Located on the Pee Dee River in south-central North Carolina, Duke Energy’s Blewett Falls Hydro Station has been providing clean, renewable energy since 1912. The plant in June was inducted into the Hydro Hall of Fame at the HydroVision International convention in Charlotte, N.C. The hall of fame recognizes hydropower projects from around the world that have been in continuous operation for more than a century.
It all started in the 1700s when William Blewett applied for land grants to operate a fishery and ferry on the river. Later, the expansion of the textile industry created interest in using the river to provide power to build and operate cotton mills, power companies, railways, and telephone and telegraph systems.
Hugh MacRae, a land developer from Wilmington, N.C., saw the potential at Blewett Falls and in 1905 obtained a charter for the Great Pee Dee Electric and Power Co., which later became Rockingham Power Co. Work on Blewett Falls dam began in 1905, with the help of as many as 1,200 men, the dam was completed in December 1911, and the plant started producing power in February 1912.
Duke Energy’s conventional hydro stations help add other renewables, like solar, to the energy grid since these units can be brought online quickly to help manage rapid shifts in power demand.
Work on the Blewett Falls dam began in 1905. An economic panic in 1907 and floods the following year caused Rockingham Power Co. to fall into receivership. The property, which was 80 percent complete, was sold at auction in 1909 for $1 million to the Yadkin River Power Co., which merged in 1926 with Carolina Power & Light.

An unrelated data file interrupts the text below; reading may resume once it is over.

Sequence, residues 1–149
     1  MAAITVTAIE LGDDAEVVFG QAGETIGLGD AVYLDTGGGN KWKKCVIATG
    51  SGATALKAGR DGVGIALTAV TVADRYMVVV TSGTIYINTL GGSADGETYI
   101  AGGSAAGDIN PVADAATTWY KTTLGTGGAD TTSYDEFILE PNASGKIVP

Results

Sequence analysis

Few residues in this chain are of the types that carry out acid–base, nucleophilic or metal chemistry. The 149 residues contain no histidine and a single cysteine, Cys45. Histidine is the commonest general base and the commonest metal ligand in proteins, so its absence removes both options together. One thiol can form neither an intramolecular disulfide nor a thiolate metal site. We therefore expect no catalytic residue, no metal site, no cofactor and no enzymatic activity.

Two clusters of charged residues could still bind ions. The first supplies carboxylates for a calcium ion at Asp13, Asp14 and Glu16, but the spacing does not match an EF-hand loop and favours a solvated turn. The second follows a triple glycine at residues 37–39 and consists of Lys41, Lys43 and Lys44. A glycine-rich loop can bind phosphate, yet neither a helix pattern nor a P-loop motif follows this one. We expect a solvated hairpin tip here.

The dam today
Blewett Falls’ concrete gravity dam has a maximum height of about 50 feet above the riverbed and forms Blewett Falls Lake. After flooding in 1917 and 1945, earthen embankments were added, the intake dam was raised and 4-foot flashboards were installed along the dam.
Water wheel construction in 1911
The plant’s water wheels, or turbines, installed in 1911, move water through the powerhouse to create electrical energy.
Inside the power house
The station still operates the original six horizontal generating units and has a total generating capacity of 24.6 megawatts, enough to power about 20,000 homes.
The historic building
A four-story brick structure, the Blewett Falls powerhouse was deemed eligible for listing on the National Register of Historic Places in 2006. A fishing platform added in the 1990s abuts the downstream side of the building over the intake structures.
The building reflects the style of other powerhouses of the period, with arched windows, a spiral staircase and a covered passageway with arches in the basement.
Concrete flood plug
Changes over the years include adding two large concrete flood plugs in the powerhouse basement. As a last resort in extreme flooding, the plugs can be hoisted from an opening in the floor to allow water to flood the plant. The ballast counteracts the buoyancy of the plant, preventing the powerhouse from floating away. The flood plugs were opened only once: in 1945.
Blewett Falls Hydro Station
Blewett Falls Lake extends 10 miles upstream from the dam, encompassing 2,866 acres. At full pond elevation, the lake contains about 34 linear miles of shoreline and provides numerous recreation opportunities.